Helping Our Children Feel

I sat listening to two men talk about raising white tail deer. One of these men was very passionate about this endeavor and you could tell it by what he said and especially how he was saying it. I listened to another person talk about how excited she gets at Christmas. She spoke with glee about decorating her house, hosting parties, and giving special gifts. Again, her whole mood just became so positive and her complete body was telling the story.

I so envy people who are able to get that excited and passionate about things. I was raised in a culture where my feelings were to be suppressed. Extreme displays of any kind of emotion were discouraged. At least it seemed like that. Loosing oneself in the moment could lead to some kind of catastrophic consequence that would be so horrific it might take a life time to recover. Thus, I might be leaping for joy, deeply saddened, or seething with anger, but you will hardly know it.

This was all set up while I was young and still developing an understanding of who I was and what was “acceptable” behavior. I remember a coach criticizing our football team because we got too excited during our pregame warm up. I was scolded for expressing any kind of disagreement with my parents. It was labeled as “arguing” which meant I was to have no voice on many matters that directly affected me. I remember being made fun of by those close to me because I expressed my compassion for someone with tears.

It is amazing how the messages we perceive from the past directly affects who we become.  Sometimes I think most of our journey as adults is correcting all the harmful messages we received about ourselves as children.

Now, I am older and this training of how to express emotions is like a heavy coat I wear daily. I have been at ballgames and wished that I could yell at the top of my lungs. I have been in worship when my heart was leaping with joy and my arms felt like they were tied to my sides. I have even been so angry with someone that I took it out on myself by pushing the emotion down and stuffing it.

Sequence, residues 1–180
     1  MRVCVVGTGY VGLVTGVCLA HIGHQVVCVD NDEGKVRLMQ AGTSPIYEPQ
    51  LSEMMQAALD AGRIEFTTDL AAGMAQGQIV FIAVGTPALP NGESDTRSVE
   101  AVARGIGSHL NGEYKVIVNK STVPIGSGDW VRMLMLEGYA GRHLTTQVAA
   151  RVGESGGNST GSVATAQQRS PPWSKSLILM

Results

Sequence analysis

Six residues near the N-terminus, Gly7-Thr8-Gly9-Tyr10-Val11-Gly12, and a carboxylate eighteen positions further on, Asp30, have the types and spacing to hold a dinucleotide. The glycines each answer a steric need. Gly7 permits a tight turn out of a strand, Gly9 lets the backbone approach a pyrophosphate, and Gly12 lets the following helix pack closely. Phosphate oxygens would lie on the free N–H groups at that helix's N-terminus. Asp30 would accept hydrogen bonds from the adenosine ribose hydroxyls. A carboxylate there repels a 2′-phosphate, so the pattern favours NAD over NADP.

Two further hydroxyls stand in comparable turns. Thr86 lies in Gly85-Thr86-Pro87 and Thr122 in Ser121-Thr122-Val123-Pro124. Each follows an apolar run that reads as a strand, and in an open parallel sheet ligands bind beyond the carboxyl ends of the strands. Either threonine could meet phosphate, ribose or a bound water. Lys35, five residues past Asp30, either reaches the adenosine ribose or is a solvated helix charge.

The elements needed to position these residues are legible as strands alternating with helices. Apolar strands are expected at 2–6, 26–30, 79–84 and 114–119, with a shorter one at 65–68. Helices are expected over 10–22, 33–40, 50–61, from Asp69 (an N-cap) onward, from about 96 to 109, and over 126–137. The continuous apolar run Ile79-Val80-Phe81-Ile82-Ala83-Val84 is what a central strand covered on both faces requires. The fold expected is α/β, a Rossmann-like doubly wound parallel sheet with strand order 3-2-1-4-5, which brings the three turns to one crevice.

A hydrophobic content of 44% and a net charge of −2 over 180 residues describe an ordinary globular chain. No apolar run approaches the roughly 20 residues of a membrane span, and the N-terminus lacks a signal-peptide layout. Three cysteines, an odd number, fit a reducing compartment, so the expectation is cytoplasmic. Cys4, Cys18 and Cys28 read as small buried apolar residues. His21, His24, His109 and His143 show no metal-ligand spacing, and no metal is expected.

So, why am I bringing this up? Please encourage your children to experience all of their emotions to the fullest. Yes, they do need to be aware of when and how to express them appropriately, but I hope they are encouraged to feel.  It is only through expressing our thoughts and emotions are we able to learn how to manage them effectively.  Let them feel deeply and be allowed to experiment in their expression of those feelings. I think this is one of the most important gifts a parent can give as they teach their children how to live life to its fullest. A lesson I am still learning

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2 Comments

Filed under Marriage & Family

2 responses to “Helping Our Children Feel

  1. stephanie elkins

    THANKS AGAIN

  2. David Akins

    Thanks for this Wib, it brings back the memory of christmas as a 7 or 8 year old boy when my father was fumbling for the house keys after returning from chritmas eve service and I was so excited I kept saying “oh boy santa’s been here hurry dad !” and about the 2nd time I asked him , he turned and slapped my face. and from that moment on I never expressed true joy in front of my father… later in life of course I understood that he had been upset that I expressed more joy about the presents awaiting us than the real reason for Christmas, and in his defense it was the only time he ever did.

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